In the Shadow of the Towers: Speculative Fiction in a Post-9/11 World
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Writer and editor Douglas Lain presents a thought-provoking anthology featuring a variety of award-winning and best-selling authors, from Jeff VanderMeer (Annihilation) and Cory Doctorow (Little Brother) to Susan Palwick (Flying in Place) and James Morrow (Towing Jehovah). Touching on themes as wide-ranging as politics, morality, and even heartfelt nostalgia, today’s speculative fiction writers prove that the rubric of the fantastic offers an incomparable view into how we respond to tragedy.
Each contributor, in his or her own way, contemplates the same question:
How can we continue dreaming in the shadow of the towers?
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one, even if what Bowes has created is ultimately a realistic fiction. The author turns our attention to the past, so that what we’ve perceived before as a chain of separate events can be truly seen, to quote Walter Benjamin, as “one single catastrophe which keeps piling wreckage upon wreckage.” THERE’S A HOLE IN THE CITY Richard Bowes Wednesday 9/12 On the evening of the day after the towers fell, I was waiting by the barricades on Houston Street and LaGuardia Place for my friend Mags to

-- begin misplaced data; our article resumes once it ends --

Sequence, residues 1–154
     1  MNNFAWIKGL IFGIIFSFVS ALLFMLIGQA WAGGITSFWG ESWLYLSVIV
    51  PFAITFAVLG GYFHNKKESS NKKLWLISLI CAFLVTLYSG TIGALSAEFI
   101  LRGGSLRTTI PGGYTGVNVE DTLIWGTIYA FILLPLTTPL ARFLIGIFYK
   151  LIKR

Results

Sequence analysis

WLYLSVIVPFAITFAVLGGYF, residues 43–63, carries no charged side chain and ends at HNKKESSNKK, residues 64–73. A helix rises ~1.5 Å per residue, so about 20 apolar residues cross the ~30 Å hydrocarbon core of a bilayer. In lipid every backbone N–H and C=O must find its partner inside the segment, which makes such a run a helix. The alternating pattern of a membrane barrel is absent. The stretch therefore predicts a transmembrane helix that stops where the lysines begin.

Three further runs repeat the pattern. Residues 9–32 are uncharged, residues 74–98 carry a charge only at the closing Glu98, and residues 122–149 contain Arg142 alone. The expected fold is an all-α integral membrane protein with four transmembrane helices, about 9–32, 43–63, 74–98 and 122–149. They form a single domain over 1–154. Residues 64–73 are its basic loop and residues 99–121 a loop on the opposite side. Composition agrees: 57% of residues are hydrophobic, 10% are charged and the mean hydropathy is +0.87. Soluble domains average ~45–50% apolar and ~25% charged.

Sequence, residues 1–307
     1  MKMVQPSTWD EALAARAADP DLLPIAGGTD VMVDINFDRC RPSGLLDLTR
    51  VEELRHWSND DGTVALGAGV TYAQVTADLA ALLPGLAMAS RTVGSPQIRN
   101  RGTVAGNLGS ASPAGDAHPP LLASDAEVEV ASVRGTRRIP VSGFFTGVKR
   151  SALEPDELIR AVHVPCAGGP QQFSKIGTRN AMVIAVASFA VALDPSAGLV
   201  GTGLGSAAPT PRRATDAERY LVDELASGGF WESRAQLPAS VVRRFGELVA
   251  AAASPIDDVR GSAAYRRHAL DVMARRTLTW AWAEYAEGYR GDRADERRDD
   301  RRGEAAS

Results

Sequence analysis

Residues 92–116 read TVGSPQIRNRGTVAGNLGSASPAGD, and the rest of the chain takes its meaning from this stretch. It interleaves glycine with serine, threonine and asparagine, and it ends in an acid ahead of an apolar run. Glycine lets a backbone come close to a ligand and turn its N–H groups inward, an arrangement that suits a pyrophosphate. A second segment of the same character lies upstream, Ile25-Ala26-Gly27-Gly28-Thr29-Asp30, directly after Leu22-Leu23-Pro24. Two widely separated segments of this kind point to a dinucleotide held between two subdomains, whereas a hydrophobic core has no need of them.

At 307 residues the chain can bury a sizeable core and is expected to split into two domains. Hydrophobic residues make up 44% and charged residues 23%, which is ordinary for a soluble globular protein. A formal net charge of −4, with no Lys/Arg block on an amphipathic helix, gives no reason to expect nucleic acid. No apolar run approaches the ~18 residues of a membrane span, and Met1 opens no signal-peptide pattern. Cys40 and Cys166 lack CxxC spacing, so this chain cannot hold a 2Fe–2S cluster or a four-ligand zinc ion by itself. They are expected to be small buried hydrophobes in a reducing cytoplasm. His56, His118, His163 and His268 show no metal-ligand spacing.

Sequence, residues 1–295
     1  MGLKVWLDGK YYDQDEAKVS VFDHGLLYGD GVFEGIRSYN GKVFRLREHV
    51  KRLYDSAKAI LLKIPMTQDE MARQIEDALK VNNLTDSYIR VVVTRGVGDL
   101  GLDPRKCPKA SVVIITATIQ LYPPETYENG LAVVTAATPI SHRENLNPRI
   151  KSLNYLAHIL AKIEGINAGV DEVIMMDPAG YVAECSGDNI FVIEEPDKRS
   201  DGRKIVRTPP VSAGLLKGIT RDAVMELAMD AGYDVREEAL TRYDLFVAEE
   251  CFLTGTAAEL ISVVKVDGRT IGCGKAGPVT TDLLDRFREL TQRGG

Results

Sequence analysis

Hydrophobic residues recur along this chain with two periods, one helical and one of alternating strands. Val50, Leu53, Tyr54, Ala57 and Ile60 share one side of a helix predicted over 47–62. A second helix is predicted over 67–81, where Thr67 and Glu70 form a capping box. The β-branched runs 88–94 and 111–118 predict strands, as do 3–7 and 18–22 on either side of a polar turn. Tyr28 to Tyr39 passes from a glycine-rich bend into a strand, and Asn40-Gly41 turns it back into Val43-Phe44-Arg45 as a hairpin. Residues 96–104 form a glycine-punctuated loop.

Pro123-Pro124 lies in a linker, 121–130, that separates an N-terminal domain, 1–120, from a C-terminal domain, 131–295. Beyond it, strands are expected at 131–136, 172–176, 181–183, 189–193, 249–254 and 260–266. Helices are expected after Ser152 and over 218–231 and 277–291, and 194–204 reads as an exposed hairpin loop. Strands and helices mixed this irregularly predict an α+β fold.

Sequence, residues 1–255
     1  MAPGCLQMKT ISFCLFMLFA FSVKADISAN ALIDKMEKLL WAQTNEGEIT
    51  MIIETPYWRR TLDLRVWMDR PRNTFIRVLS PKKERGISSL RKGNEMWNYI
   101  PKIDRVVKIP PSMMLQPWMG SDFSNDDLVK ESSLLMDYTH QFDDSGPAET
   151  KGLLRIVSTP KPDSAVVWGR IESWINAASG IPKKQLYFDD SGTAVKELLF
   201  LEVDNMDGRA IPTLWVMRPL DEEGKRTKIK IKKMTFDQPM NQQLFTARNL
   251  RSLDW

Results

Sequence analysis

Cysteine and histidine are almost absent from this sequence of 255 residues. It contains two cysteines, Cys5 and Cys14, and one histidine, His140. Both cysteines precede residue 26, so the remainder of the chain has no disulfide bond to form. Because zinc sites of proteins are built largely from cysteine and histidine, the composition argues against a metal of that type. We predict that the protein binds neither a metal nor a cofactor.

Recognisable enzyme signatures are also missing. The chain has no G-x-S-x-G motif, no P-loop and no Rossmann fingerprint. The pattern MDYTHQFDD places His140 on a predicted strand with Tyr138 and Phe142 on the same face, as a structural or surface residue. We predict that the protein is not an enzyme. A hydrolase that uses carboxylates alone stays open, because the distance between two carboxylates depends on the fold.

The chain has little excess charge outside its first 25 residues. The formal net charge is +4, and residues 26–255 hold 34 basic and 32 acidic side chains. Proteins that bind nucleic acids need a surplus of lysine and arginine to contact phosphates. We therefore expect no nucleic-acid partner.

doesn’t include curt little nods that indicate something is understood. We walked in the middle of the streets because we could. “Couldn’t sleep much last night,” I said. “Because of the quiet,” she said. “No planes. I kept listening for them. I haven’t been sleeping anyway. I was supposed to be in housing court today. But the courts are shut until further notice.” I said, “Notice how with only the ones who live here allowed in, the South Village is all Italians and hippies?” “Like 1965 all
know. I didn’t know what a terrorist looked like, though TV shows had done their best to convince me that they were brown Arabs with big beards and knit caps and loose cotton dresses that hung down to their ankles. Not so our captors. They could have been half-time-show cheerleaders on the Super Bowl. They looked American in a way I couldn’t exactly define. Good jaw-lines, short, neat haircuts that weren’t quite military. They came in white and brown, male and female, and smiled freely at one
real crime. It was free speech, it was technological tinkering. It wasn’t a crime. But who said that these people would ever put me in front of a judge. “We know where you live, we know who your friends are. We know how you operate and how you think.” It dawned on me then. They were about to let me go. The room seemed to brighten. I heard myself breathing, short little breaths. “We just want to know one thing: what was the delivery mechanism for the bombs on the bridge?” I stopped breathing.
town. You’ve been driving for nearly thirty years now. You know better. So what if he’s white, middle-class. So what if you need the fare. He lifted his foot off the brake but he’d hesitated and by then the guy was already at the door. He flung it open and jumped inside and slammed it shut again. “Please!” he said. “That guy back there . . . his goddamn wife . . . Jesus!” Lenny smiled. “I got it.” He glanced at the American flag on his dashboard and thought, I love this fucking town. The